"Whatever you do, do not grab my hands." He was all of about 5 feet 6 inches tall, and maybe 140lbs soaking wet, but the glint in his eye told me he wasn't fucking around. I smiled, playing off the idea that I would ever do such a thing, all the while imagining the danger that I'd be able to put us both in should I choose to ignore his warning. "I won't", was about the only thing I could think to say.
Just then, a young woman rushed in from the airfield positively glowing. "How'd it go?", I asked her. No response, unless you count the ear-to-ear grin and flush cheeks. Good enough answer for me- I was ready ready to go.
They piled us into the plane like so many sheep- or were we lemmings, about to follow on another off the proverbial cliff? Either way, the plane lurched, then started down the runway before gliding off the ground and past the point of no return. Next stop: 13,000 ft.
"When we jump, I'm gonna need you to bend your legs backward and keep your head up." OK, so I had a confirmation- I was indeed about to jump out of the plane. "Then just wait for me to tap your shoulder.." Right, I'll remember that- I thought. Just tap my legs on my shoulders, and keep my head bent backward. Got it. "... then you can put your hands out." Hands in- got it.
"So I grab your hands when you tap my shoulder," I asked him wryly, a rather poor time for 3rd grade humor. He didn't respond, but I'm sure that I felt him loosen one of the clips that attached me to my parachute. That's right- I remembered- this guy isn't fucking around.
We waddled in a baseball catcher's position, my instructor strapped to my back, down the entire length of the plane to the open door. Bodies were falling out of the plane, one after another. Human rain. I was next. "OK, Three!...." You know, 13,000 ft. doesn't really look so far down. There's nothing relative to compare the distance, so it's actually more surreal than scary. "Two!...." I'm keeping incredibly balanced on this here ledge, with 140lbs strapped to my back. I can't tell you how many times I have imagined standing near the ledge of a precipitous drop only to teeter over the edge, loose my balance and... "One!....." Oh shit, we're jumping. "Go!"
As we rolled forward out of the plane, my first tangible memory sequence was my view back up at the plane. We had floated into a somersault roll, and paused just long enough on our backside to catch a glimpse of the plane gliding away. For a split second the world was absolutely quiet, the reflection of the sun off the plane windows was brilliant, and my body was weightless. Then we hit terminal velocity.
We faced down to be greeted by winds screaming at over 100mph right into our faces. We were falling fast. Really, really fast. Reality set in and I noticed that I was hurtling towards earth at the pace of gravity- I had willingly thrown my body to the whims of physics, just to see if all those laws were really true.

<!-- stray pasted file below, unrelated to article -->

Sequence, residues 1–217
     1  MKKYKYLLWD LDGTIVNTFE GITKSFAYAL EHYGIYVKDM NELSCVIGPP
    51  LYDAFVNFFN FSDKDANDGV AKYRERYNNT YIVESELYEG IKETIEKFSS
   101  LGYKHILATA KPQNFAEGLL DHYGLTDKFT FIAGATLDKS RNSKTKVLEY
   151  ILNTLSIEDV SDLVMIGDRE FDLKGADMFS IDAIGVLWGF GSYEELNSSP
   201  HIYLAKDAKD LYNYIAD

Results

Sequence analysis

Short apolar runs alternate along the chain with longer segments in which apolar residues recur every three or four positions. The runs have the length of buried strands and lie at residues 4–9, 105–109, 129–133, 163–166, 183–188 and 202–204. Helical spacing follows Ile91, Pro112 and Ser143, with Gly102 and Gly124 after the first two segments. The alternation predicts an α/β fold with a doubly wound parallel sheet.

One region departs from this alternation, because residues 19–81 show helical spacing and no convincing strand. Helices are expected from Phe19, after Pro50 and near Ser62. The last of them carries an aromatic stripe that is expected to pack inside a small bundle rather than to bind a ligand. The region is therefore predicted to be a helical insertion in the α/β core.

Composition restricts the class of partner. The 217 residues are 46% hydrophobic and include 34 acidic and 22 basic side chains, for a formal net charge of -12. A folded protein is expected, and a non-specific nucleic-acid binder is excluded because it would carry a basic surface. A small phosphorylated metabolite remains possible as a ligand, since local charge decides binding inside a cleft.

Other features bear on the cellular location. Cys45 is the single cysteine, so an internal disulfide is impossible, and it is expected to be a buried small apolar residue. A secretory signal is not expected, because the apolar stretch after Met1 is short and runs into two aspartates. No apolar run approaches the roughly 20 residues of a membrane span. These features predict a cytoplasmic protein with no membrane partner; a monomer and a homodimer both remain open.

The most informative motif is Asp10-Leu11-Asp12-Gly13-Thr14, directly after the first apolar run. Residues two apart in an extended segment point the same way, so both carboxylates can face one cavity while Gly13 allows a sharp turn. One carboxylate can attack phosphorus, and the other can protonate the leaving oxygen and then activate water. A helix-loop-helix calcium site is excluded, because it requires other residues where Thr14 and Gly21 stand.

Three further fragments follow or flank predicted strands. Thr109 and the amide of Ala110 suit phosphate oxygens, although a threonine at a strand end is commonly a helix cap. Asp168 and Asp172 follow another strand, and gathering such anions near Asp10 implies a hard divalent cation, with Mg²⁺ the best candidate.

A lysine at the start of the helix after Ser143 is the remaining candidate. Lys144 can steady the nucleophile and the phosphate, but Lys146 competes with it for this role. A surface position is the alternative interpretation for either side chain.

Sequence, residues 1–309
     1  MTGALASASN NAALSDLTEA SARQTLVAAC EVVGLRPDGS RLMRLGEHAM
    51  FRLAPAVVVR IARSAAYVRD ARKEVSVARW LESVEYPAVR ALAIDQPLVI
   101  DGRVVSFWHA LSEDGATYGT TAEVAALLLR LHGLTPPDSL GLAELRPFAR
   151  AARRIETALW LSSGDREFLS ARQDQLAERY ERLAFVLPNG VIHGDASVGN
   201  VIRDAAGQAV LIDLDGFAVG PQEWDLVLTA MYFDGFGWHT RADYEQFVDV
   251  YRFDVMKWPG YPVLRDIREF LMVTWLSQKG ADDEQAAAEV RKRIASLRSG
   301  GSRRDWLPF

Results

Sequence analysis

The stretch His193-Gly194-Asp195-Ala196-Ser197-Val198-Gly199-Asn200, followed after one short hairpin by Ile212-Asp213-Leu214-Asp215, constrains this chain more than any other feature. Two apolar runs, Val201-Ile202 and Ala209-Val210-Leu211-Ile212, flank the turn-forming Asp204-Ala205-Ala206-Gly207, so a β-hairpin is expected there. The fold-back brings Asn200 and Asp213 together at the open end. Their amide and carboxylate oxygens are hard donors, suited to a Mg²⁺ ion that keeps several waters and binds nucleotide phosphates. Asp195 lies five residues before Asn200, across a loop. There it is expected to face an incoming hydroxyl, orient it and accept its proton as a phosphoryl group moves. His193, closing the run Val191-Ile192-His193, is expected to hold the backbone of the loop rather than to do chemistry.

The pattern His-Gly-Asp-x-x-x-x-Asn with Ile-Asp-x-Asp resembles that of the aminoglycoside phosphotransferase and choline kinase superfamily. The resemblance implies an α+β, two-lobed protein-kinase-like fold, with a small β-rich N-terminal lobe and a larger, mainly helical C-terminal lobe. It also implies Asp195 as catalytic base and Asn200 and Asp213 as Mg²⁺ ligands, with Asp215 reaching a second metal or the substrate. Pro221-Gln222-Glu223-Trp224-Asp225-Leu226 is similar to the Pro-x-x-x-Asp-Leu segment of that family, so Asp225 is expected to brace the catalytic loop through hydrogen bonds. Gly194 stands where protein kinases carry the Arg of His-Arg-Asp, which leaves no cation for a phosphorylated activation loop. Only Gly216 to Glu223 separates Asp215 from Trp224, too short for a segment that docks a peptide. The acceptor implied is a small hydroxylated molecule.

A tap on my shoulder- time to spread my arms and make like a bird. Got comfortable in those first 15 seconds or so- now I am whooping and hollering, though unable to hear my own voice. Cue instructor's improvisational portion of the program, titled "Spin the Beginner out of Control". "ALLLRRRIIIGGTTT! THIIISSS IISSSS AAAWWWEEESSOOMMM....." OK, 4-5 spins would have been good, but 30 was more nauseating than anything else. Glad he stopped when he did. We're at about 8000ft now, 30 seconds into the free fall, 30 more seconds to go.
The thing about the next couple seconds of the free fall was that it really wasn't as exhilirating as the first 30. I was no pro by then, but I certainly had grown accustomed to my weightless environment. That comfort lasted until 45 seconds in when the ground sped-up its approach- housing developments were turning into street blocks, and street blocks into houses. We gonna pull this 'chute soon?
Two miles, 60 seconds, and nearly 10,000 feet into the jump I felt the jerk of the parachute pulling me back up into the sky. I was swinging there, 3000 feet above the ground, not unlike the feeling of swinging away a sunny afternoon on the porch. We were a feather floating gently to the ground with views of the entire Central Valley, our senses heightened from the adrenaline of the previous 10,000ft.
It took us nearly 5 more minutes to touchdown. On the way I learned about which communications towers my instructor had base jumped from (1600ft, over there on the left), how many jumps he had made that day (9), and if anyone had ever grabbed his hands (no). The landing itself was another rush as we took the wind out of our chute at about 300 feet and plummeted to just 30 feet before yanking back on the reigns to slide in safely on the grassy landing drop zone.
I ran back to the hangar to greet my friends who had jumped just before me. On the way, I passed a middle-aged woman with fear and anxiety etched into the barely visible age lines beneath her eyes. She was strapped in her harness- slotted for the next flight up. With an expectant look, she called after me "How was it?". I smiled, with flush red cheeks, admittedly glowing, and ran right past her. It would only take 60 seconds for her to find out for herself.